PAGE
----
My mind immediately jumped ahead just over a century to the Scopes Trial. Once again, science was bent over the knee of Genesis and poised for a paddlin’. And the challenges still have not stopped. Call it Intelligent Design, or Answers in Genesis—anything but mythology—and it will keep coming back for more. Already, in 1818, lawyers were arguing that science could be decided in the courtroom. Facts only muddy the issue. If Genesis weren’t enough, Jonah’s “great fish” was called a “whale” in the Gospels, so, QED. There is no debating Bible science. Just to prove the case, we’ll bring it to trial so that twelve people with no science training can decide the issue based on rhetoric. Disciples of dogma. No surprise that the jury found the whale to be a fish. There’s no stopping a true believer.

My wife gave me this book because of my enormous fondness for Moby Dick. In both books the discussion of killing and butchering whales bothers me immensely, but I know that Melville is running after a beast of a metaphor and that whale-boat skimming across the surface of the ocean has lanced a far greater prey than a white whale. The creationists, however, fail to see the beauty of mythic images. Anyone who’s even watched a court drama on television knows that the truth is not what courts seek. Courts seek to convince a jury, whether a person is guilty or not. No matter if it’s a while whale or a white bronco involved. Truth is much more subtle and fragile. Truth can be discerned by facts. But the Bible is a heavy book, and when dropped from a great enough height, can fracture even the laws of nature. Like Ahab, the creationists are never truly gone forever.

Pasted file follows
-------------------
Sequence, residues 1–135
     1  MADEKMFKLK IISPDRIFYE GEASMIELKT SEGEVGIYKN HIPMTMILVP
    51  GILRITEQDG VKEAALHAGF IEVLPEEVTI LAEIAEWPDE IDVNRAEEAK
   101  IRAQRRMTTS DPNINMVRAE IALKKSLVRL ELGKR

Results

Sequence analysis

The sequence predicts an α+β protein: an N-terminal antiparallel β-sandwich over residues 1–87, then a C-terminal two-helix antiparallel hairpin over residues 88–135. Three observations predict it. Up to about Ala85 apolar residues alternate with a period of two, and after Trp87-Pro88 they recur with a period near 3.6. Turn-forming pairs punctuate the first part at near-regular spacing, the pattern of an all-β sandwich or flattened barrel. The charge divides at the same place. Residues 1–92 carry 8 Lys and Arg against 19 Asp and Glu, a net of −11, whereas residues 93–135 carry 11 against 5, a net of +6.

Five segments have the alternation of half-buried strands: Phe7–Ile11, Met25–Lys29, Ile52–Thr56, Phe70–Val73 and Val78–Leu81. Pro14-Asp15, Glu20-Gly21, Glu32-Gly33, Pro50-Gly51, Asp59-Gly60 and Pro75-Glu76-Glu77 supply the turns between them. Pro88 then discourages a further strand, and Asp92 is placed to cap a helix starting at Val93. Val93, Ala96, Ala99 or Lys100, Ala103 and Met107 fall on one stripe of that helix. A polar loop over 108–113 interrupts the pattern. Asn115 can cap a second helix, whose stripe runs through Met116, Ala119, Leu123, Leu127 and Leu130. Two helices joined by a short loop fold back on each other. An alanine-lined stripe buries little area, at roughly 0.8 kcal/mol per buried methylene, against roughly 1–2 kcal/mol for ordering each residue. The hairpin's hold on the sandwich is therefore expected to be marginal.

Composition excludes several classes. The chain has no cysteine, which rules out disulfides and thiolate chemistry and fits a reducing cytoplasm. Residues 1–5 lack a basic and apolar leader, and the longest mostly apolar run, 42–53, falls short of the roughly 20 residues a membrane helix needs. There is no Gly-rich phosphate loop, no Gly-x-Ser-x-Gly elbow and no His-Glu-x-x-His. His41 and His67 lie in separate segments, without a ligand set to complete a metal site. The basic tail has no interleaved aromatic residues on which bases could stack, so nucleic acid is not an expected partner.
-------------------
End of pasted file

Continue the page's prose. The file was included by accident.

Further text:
And Lowe

Hate is harder to muster for people just like us. I mean, if they live like us and look like us, what grounds do we have to distrust and fear them? This appears to be one of the premises behind the TLC show “All-American Muslim.” Many people know Muslims without knowing it and fear them without being aware of whom they fear. With this insidious kind of fear and hatred, religion must be involved.